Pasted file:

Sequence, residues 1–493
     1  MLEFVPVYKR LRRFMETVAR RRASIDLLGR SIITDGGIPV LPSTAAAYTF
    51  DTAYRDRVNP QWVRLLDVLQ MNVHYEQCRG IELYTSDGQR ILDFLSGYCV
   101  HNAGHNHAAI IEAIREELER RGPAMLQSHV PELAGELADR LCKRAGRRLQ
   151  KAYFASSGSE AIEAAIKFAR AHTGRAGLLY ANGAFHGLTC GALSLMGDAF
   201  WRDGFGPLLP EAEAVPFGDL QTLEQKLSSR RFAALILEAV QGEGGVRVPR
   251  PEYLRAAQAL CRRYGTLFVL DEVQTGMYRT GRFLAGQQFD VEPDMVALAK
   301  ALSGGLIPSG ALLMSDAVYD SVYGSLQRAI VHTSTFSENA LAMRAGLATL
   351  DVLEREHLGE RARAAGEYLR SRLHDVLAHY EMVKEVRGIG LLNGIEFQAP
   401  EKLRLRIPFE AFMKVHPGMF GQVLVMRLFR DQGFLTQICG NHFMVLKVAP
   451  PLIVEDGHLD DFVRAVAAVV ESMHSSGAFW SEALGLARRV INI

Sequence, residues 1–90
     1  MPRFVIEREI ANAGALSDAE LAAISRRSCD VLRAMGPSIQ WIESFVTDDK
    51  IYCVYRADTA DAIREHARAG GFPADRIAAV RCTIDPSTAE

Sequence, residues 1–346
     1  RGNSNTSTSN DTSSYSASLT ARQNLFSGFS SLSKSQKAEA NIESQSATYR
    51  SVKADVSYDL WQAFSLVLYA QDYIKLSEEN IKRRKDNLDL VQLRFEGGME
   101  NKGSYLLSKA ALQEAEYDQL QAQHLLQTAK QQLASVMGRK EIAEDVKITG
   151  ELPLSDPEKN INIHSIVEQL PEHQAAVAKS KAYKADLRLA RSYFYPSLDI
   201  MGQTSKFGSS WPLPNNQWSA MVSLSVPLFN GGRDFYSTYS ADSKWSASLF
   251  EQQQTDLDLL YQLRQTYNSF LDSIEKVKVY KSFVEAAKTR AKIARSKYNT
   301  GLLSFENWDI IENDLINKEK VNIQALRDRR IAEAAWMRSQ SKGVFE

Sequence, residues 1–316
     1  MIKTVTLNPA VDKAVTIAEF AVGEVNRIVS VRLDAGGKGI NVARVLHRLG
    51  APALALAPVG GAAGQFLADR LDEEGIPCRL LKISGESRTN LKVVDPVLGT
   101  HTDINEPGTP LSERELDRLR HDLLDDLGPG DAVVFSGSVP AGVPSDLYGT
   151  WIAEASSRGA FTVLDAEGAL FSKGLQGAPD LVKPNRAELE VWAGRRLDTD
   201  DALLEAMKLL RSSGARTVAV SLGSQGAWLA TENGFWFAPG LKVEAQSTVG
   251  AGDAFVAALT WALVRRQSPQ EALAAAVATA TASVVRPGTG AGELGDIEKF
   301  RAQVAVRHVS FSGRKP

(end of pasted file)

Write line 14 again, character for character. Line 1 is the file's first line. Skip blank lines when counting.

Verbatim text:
    51  IYCVYRADTA DAIREHARAG GFPADRIAAV RCTIDPSTAE